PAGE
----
In addition to Pad Thai, Thai cuisine also offers intense coconut milk curries and seafood stews. Both of these dishes make extensive use of Thailand’s rich seafood traditions, with a lot of characteristic heat.

Instead of saying, “How are you?” in Thailand, it is not uncommon to greet someone by saying: “Have you already eaten?” This should give you a pretty good idea of ​​what the food looks like.

Vietnamese food: fresh vegetables, noodles and lots of pho

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Even if you don’t consider yourself a fan of Vietnamese food, you’ve probably enjoyed a bunch of it before as an appetizer in other Asian restaurants. Many Vietnamese classics like spring rolls are used to support menus across the spectrum of Asian cuisine, and it’s not hard to see why – Vietnamese cuisine is delicious.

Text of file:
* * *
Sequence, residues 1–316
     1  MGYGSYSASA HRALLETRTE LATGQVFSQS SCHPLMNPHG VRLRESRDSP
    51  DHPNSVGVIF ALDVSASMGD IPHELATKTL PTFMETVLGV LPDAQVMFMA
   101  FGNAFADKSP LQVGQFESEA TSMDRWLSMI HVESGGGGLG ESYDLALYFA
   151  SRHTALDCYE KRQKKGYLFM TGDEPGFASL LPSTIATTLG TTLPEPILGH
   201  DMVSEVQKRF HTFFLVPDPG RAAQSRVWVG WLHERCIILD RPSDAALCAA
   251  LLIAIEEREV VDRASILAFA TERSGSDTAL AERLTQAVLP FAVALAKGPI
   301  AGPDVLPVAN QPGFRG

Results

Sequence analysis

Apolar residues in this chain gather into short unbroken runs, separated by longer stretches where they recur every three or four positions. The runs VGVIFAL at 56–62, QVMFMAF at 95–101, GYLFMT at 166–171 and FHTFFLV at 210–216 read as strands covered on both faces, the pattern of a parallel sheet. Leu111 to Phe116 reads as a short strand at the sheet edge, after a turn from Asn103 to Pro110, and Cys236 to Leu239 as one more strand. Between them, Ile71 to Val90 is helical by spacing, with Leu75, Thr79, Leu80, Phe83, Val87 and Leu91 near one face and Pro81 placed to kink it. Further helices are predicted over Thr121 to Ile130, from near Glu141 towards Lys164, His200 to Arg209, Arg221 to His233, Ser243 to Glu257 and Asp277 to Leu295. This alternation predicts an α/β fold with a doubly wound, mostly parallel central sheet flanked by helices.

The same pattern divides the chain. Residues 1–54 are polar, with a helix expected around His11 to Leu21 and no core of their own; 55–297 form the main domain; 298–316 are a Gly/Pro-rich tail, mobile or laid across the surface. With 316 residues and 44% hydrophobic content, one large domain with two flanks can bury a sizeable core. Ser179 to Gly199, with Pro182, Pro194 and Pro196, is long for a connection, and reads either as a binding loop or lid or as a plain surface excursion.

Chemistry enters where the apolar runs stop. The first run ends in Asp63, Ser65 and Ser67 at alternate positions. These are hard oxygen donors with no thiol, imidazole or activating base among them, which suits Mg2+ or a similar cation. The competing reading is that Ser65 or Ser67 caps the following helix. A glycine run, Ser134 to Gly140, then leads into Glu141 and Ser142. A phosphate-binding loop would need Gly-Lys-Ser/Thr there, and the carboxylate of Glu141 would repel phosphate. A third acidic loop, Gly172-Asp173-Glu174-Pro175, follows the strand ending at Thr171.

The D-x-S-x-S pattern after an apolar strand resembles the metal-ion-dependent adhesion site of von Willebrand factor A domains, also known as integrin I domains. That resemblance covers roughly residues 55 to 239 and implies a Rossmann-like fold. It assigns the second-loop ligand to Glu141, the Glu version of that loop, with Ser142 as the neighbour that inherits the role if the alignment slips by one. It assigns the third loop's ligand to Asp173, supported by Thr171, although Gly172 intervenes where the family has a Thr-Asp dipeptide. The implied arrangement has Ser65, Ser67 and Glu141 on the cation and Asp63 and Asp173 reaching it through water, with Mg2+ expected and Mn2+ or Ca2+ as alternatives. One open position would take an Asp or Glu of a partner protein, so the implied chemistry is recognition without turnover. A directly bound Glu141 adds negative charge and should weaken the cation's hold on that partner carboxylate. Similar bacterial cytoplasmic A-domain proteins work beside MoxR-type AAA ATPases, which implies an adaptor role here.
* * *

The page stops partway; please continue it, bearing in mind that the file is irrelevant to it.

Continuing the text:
With an emphasis on bold flavors and fresh ingredients, good Vietnamese cuisine is unlike anything else. These flavors are accomplished through a series of basic ingredients, which include nuoc mam (a fermented fish sauce), tamarind (an incredibly tasty type of sour citrus), and fresh bell peppers (which are exactly what. They look like).

The most popular form of Vietnamese cuisine in the world is Pho, a type of slowly cooked beef broth noodle soup. Authentic pho is cooked so slowly that it’s not uncommon for restaurants in Vietnam to simmer theirs for days on end to really bring out the rich flavors in the ingredients. Beyond pho, Vietnam is also famous for its mastery of banh mi, a baguette sandwich loaded with greens and a choice of meat toppings, which can include pate, pork, or liver.

What is your favorite type of Asian cuisine? Sound off in the comments.


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Linda Jennings